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  1. #1
    Senior Member CharlieFree's Avatar
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    Rehabilitate old bike or not?

    I am having a tough time deciding what to do to prepare for winter. My winter rig from last year is an entry-level mountain bike and the entire drive train, BB and possibly derailleurs need to be replaced. The parts will probably run me at least $250 (and that is utility-grade stuff). Pros: new parts, the frame is sized right. Cons: still a low-end bike (shifters, brakes, etc.)

    I have been investigating just buying a whole used bike in that price range which may be a better value, but of course you are still faced with the issue that it may have parts that need replacing. From what I see there are not a ton of large-size framed used bikes around in my target range. I am quite tall and need large frame (my summer road bike is a 60cm).

    Any advice or comments on my dilemma? A brand new bike is unlikely because winters are so harsh on components that I don't want to throw my money away. Surprisingly, both LBSs I went to discuss this with pretty much steered me away from new bikes also (to their credit - I appreciated their honesty and will support them when I buy other stuff).

  2. #2
    Born Again Pagan irclean's Avatar
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    If your knees are up to it you could consider turning it into a single-speed. If not, or if your commute is too hilly, you could use an IGH... but that can get expensive really quickly, especially if you want new parts and/or someone else does the work. I bought my IGH bike because winter commuting is murder on my drivetrain and I don't want to replace/refurbish it every year. I am hoping for a relatively maintenance-free winter this season.
    Gettin' my Fred on.

  3. #3
    Senior Member
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    maybe more detail on whats wrong with the derailleurs might help. if you just use if for winter riding i would not worry about replacing anything unless it looks like it is going to break. maybe you should keep an eye out for some one throwing out an old bikes that you could use for parts. i get all the parts i use on my bike for free from the trash or from scrap. the only things i buy are the tools i need to work on my bikes.

  4. #4
    Glutton for Punishment RANTWICK's Avatar
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    Used beater. I made myself a pretty nice winter bike a couple of years ago... it's not very nice any more. I'm thinking I'll do as others suggest and just slap used parts on it as needed. For me I guess it depends on whether the roads get salted where you live. It can be a real component killer.
    R A N T W I C K
    rantwick.com

  5. #5
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    I have an old x-mart bike that looks like it could stand one season as a winter bike, as long as I can find some fenders for it. It's been replaced with a much nicer ride for the warmer months, and is looking rather bored sitting in my garage. I may even put a lawn mower engine on it, if only for shiggles. It's old, heavy, with nearly new brakes and no suspension. I won't have to worry about the front derailleur freezing, as it's already broken, and it's used to running in 6th gear all the time anyway. It might make for a neat experiment, at least.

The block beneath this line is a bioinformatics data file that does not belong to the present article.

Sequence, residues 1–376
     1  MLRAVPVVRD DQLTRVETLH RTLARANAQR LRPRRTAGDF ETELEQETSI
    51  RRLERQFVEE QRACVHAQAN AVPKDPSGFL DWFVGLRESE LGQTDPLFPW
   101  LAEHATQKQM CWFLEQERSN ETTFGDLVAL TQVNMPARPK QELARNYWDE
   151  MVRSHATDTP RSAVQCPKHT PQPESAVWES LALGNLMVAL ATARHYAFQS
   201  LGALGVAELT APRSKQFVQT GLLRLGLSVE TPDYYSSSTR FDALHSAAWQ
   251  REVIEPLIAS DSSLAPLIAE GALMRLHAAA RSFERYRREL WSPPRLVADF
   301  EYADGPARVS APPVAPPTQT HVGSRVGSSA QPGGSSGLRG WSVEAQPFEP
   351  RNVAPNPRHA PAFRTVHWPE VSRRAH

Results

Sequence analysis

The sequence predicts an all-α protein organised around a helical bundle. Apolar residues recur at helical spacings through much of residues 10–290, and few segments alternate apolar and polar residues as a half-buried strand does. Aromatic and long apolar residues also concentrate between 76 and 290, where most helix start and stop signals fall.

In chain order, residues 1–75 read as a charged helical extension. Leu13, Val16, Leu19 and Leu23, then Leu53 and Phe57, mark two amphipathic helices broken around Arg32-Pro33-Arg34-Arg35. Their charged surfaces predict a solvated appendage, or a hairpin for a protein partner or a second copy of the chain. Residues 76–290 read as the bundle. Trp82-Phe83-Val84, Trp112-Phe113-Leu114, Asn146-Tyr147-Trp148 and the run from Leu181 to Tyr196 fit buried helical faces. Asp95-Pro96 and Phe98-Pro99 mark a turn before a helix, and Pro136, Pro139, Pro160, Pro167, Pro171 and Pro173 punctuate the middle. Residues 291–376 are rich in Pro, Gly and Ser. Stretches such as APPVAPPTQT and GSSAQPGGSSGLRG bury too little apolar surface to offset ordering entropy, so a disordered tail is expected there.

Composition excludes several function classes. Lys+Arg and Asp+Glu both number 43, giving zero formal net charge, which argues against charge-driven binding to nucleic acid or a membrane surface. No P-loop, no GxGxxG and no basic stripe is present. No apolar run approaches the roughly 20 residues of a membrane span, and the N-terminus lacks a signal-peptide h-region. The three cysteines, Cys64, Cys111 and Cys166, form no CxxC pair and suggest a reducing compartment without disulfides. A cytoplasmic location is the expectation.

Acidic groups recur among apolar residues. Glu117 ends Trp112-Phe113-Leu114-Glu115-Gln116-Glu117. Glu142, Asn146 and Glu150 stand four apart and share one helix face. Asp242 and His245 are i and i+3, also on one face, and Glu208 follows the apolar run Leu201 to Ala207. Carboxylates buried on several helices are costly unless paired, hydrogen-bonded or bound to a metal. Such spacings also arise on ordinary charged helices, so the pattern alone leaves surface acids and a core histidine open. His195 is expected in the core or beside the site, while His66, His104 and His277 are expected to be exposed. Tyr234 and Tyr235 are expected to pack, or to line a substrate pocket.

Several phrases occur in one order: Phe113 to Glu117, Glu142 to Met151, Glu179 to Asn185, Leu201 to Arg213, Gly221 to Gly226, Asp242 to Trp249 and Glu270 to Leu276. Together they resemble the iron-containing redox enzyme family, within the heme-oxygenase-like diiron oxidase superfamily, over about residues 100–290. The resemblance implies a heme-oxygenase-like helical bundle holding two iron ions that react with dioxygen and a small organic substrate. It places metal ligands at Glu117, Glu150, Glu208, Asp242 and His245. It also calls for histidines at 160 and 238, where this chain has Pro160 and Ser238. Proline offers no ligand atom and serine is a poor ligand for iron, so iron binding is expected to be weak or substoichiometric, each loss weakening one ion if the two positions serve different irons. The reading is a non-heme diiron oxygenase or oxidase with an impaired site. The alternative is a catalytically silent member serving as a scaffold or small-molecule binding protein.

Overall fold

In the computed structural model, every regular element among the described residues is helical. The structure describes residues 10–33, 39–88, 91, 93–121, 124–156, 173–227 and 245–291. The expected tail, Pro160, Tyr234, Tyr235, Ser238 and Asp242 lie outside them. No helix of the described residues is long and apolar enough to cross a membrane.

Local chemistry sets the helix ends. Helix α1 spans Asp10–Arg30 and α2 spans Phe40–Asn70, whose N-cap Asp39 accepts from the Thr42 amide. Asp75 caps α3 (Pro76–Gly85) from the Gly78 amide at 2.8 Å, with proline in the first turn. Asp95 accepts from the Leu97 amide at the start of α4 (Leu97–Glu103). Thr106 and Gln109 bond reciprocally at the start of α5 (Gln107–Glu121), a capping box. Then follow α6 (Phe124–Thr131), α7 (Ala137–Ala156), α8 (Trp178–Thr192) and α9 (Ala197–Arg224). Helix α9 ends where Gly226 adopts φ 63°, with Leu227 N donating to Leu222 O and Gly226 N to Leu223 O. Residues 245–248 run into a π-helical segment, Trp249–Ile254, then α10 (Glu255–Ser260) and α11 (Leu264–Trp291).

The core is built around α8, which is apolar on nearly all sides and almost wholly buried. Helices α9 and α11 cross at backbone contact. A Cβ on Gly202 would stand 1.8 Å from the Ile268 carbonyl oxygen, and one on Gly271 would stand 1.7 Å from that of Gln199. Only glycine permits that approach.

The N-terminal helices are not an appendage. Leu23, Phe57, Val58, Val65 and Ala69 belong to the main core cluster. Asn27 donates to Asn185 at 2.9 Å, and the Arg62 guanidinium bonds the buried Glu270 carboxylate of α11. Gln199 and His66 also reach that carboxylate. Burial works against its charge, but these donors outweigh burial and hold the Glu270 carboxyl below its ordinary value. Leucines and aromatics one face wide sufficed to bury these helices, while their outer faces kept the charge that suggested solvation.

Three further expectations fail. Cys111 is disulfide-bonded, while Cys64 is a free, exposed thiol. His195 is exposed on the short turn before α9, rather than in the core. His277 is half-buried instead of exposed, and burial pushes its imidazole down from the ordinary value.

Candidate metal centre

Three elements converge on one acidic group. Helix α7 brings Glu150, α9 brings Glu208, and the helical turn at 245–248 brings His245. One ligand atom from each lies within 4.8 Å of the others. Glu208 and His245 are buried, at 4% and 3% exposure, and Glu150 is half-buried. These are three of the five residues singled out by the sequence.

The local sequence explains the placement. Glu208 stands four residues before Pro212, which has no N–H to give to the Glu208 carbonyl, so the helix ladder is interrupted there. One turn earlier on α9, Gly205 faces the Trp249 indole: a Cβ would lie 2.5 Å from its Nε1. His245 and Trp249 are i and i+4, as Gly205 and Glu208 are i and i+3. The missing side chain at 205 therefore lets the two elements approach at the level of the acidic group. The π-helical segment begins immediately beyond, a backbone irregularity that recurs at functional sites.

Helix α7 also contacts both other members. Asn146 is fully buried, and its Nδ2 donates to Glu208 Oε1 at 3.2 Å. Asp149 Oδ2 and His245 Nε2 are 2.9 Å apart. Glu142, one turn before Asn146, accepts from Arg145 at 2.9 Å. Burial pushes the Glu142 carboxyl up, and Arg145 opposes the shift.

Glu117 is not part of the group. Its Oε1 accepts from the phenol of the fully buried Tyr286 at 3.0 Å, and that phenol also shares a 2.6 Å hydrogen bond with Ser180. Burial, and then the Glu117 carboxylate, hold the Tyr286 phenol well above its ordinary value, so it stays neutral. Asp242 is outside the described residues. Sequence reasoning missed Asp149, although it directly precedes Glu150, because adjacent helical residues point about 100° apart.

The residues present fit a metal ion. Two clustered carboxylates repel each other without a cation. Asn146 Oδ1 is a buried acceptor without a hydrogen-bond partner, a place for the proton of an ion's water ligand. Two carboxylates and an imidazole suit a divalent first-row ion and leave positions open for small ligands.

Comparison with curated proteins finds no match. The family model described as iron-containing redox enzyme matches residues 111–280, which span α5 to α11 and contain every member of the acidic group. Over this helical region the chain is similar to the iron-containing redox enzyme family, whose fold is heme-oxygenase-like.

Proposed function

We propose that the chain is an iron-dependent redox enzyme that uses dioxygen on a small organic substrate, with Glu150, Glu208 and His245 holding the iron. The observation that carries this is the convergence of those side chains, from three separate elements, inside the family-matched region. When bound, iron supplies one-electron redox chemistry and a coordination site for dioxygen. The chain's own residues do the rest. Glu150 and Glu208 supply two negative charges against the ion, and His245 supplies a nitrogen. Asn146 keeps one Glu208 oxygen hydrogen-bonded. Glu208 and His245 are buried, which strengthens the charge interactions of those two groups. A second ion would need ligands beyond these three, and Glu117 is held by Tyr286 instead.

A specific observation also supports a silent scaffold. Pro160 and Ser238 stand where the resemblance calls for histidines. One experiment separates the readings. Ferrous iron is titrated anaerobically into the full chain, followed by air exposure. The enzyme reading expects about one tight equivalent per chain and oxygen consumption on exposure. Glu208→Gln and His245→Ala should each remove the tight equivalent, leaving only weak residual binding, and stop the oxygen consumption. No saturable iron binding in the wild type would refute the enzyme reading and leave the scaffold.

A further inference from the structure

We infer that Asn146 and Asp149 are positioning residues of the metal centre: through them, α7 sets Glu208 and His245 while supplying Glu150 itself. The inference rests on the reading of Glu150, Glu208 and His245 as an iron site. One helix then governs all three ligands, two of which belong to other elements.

6. #6
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    I'm using an old Rigid MTB for winter commuting. Over the years all the components have died so it is now a fixed gear ride. I've had everything go wrong in Calgary's winter climate except a fixed gear drive train My free hub froze up and had to use a lighter to get the bike working when it was a Single speed. This is horrible, but this year I'm going to buy one of these Canadian Tire bikes and as parts stop working I'll just tear them off. I figure a cheap SS kit should keep it running, and I still have a fixed 26" wheel to throw on it if I need to.

    http://www.canadiantire.ca/AST/brows....jsp?locale=en

    I should say first that this thing will fall apart and is complete sh*t. But I should be able to keep it running.
    Last edited by Sheik_Yerbouti; 08-20-10 at 10:55 AM. Reason: forgot

  7. #7
    Senior Member CharlieFree's Avatar
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    Thanks for all the tips and ideas. You people are awesome.

    I forgot to also ask about pedals. I went clipless on my summer bike and like it but am a bit leery of it on snow and ice if you have to put a foot down quickly. Any folks have ideas or experience about platforms vs. clipless in winter?

  8. #8
    Born Again Pagan irclean's Avatar
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    I use BMX platforms - the sealed bearing variety. No problems all winter.
    Gettin' my Fred on.

  9. #9
    Senior Member
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    I don't think it's worth the money to buy winter cycling shoes. I just wear my hiking boots. If something goes wrong, you want to be able to walk in the shoes, and you don't want your feet to get cold. The grime and salt is really hard on everything, even the shoes you wear.

    x2 on BMX pedals, the more grip the better.

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